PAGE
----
Print ISBN 9780300109214
EISBN 9780300232516
Illustrations 62 b/w + 302 color illus.
Print Status in print
Description: Life, Liberty, and the Pursuit of Happiness: American Art from the Yale University...
The American experience—from its colonial beginnings to the modern age—has captured the imagination of all Americans, including its artists. This book explores works from the renowned collections of American paintings, decorative arts, prints, and photographs at the Yale University Art Gallery and creates a vivid portrait of a young country defining itself culturally, politically, and geographically.

Distinguished scholars shed new light on American history by examining some of the most familiar and revered objects in American art—paintings by Trumbull, Peale, Copley, Eakins, Church, and Homer; silver by Revere and Tiffany; furniture by Roux and Connelly; and photographs by Muybridge, among others. The authors discuss how issues of cultural heritage, patriotism, politics, and exploration shaped America’s art as well as its attitudes and traditions.
Print publication date August 2008 (out of print)
Print ISBN 9780300122893
EISBN 9780300232486
Illustrations 65 b/w + 315 color illus.
Print Status out of print
Description: Thomas Eakins: The Rowing Pictures
During the 1870s rowing became a tremendously popular sport in the United States. An enthusiastic rower, the young Thomas Eakins painted, sketched, and drew an extraordinary series of rowing pictures that were the most ambitious project of his early career. Eakins' 24 rowing works, which include some of the most celebrated and recognized images in the history of American art, are brought together and examined as a group for the first time in this book. Together they shed light on the artist's creative process and subsequent achievements as well as on social, cultural, and artistic concerns central to nineteenth-century audiences.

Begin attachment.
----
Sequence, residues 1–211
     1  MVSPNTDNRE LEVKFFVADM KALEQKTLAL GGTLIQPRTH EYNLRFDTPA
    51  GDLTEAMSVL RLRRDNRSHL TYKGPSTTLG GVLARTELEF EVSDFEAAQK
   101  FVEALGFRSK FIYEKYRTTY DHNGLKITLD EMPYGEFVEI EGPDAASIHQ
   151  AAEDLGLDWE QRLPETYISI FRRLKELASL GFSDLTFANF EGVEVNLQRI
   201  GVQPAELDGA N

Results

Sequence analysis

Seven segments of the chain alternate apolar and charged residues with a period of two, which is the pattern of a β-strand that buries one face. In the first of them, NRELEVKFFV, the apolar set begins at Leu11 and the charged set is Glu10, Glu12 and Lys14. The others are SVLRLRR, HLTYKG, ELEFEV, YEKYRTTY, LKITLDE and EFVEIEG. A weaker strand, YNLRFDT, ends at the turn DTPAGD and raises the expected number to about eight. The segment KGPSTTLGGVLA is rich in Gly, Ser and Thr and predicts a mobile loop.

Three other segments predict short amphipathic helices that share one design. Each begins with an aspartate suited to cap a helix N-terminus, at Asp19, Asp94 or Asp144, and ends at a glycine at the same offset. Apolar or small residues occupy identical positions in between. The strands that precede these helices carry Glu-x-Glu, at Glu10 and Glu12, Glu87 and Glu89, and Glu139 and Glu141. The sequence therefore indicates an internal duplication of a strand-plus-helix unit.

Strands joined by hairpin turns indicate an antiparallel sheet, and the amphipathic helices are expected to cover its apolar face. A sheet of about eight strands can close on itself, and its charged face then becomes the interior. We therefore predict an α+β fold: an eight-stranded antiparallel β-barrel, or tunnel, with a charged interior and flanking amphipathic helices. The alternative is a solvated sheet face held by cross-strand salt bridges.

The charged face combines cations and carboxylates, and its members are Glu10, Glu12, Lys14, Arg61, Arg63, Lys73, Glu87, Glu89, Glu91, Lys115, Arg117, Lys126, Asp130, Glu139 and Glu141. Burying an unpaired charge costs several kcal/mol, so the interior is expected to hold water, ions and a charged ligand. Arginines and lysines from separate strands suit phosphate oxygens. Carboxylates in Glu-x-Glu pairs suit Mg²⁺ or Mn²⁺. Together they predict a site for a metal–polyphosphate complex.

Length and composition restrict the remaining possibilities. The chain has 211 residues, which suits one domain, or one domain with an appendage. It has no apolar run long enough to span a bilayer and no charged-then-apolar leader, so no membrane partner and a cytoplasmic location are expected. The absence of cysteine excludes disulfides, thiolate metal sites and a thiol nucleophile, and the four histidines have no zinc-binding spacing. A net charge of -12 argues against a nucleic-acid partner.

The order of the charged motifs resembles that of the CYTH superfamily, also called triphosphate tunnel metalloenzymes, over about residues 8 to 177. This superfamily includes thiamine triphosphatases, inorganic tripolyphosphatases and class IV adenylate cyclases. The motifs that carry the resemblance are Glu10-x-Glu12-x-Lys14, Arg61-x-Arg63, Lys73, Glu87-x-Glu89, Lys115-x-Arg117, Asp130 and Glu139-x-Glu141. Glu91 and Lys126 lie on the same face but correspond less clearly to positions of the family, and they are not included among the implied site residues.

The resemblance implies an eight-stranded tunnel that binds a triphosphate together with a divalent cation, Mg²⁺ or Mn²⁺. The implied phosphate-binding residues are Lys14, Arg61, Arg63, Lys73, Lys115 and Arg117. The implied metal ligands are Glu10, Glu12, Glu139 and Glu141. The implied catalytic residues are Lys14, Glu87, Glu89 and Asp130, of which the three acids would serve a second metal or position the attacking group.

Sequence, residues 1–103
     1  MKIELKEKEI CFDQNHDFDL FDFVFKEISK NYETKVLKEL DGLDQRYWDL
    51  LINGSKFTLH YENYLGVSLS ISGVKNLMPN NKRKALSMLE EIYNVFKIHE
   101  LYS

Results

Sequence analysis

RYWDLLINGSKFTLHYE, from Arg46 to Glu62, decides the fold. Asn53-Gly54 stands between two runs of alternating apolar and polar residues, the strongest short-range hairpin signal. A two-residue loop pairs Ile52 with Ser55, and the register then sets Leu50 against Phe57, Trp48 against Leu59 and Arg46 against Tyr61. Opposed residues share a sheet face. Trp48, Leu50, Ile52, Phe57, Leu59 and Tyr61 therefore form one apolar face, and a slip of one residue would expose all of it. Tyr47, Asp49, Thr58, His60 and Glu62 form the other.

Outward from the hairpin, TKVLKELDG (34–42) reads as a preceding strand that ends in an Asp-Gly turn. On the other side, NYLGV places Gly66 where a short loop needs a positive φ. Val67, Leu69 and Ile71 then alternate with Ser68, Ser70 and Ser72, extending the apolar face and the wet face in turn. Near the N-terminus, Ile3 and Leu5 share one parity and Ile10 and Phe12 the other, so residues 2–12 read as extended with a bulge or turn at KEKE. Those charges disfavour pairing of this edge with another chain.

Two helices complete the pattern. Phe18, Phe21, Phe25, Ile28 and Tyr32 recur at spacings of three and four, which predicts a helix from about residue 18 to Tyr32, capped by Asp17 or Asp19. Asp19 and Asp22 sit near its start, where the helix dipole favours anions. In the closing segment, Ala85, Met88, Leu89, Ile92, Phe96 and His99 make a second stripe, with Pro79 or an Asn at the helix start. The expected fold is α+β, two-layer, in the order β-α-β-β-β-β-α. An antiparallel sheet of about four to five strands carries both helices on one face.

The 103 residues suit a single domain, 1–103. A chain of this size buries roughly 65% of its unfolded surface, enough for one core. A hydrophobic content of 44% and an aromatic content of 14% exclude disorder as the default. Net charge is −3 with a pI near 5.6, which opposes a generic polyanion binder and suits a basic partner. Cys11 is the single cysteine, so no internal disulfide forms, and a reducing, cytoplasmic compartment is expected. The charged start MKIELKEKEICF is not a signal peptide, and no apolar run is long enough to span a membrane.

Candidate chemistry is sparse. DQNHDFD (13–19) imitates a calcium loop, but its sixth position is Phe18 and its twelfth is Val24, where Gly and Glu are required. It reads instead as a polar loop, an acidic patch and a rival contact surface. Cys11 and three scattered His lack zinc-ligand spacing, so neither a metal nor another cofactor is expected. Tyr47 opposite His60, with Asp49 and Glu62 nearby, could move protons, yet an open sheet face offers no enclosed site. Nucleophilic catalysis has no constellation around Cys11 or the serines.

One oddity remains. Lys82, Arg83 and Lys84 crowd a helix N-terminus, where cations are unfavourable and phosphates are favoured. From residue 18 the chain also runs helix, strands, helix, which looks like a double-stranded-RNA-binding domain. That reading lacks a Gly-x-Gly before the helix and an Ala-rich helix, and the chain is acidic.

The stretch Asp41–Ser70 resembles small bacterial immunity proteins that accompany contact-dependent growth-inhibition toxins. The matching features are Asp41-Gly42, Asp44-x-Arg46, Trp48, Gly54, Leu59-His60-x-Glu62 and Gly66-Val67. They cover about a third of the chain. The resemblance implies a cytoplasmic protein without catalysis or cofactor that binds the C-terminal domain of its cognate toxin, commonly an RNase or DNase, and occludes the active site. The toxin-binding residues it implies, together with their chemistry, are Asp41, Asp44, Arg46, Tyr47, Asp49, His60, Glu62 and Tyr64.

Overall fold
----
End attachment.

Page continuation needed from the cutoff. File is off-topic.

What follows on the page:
Helen A. Cooper, along with essayists Martin A. Berger, Christina Currie, and Amy B. Werbel, discusses various aspects of Eakins' rowing series, explaining his affection for the sport, his adoption of the images of popular culture into the realm of fine art, his commitment to novel, "modern" subjects, his preoccupation with perspective and measurement, and his belief that the most profound artistic truths were best expressed through the human figure—particularly the male figure. A comparison of the rowing pictures reveals that over the four years in which they were created, Eakins moved subtly from the analytic and descriptive toward the more feeling and suggestive. As a group devoted to a single subject, the series is unmatched in the oeuvre of this masterful painter.